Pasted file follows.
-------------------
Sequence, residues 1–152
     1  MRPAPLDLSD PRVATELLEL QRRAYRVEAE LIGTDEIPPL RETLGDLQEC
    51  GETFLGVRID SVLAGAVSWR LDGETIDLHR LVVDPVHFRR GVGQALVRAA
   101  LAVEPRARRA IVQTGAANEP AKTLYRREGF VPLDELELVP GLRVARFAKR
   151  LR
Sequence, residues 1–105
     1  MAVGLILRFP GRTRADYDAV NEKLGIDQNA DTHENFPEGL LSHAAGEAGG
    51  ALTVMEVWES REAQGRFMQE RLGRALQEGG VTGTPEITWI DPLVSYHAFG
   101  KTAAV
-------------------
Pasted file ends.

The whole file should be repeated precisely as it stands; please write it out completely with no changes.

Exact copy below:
Sequence, residues 1–152
     1  MRPAPLDLSD PRVATELLEL QRRAYRVEAE LIGTDEIPPL RETLGDLQEC
    51  GETFLGVRID SVLAGAVSWR LDGETIDLHR LVVDPVHFRR GVGQALVRAA
   101  LAVEPRARRA IVQTGAANEP AKTLYRREGF VPLDELELVP GLRVARFAKR
   151  LR
Sequence, residues 1–105
     1  MAVGLILRFP GRTRADYDAV NEKLGIDQNA DTHENFPEGL LSHAAGEAGG
    51  ALTVMEVWES REAQGRFMQE RLGRALQEGG VTGTPEITWI DPLVSYHAFG
   101  KTAAV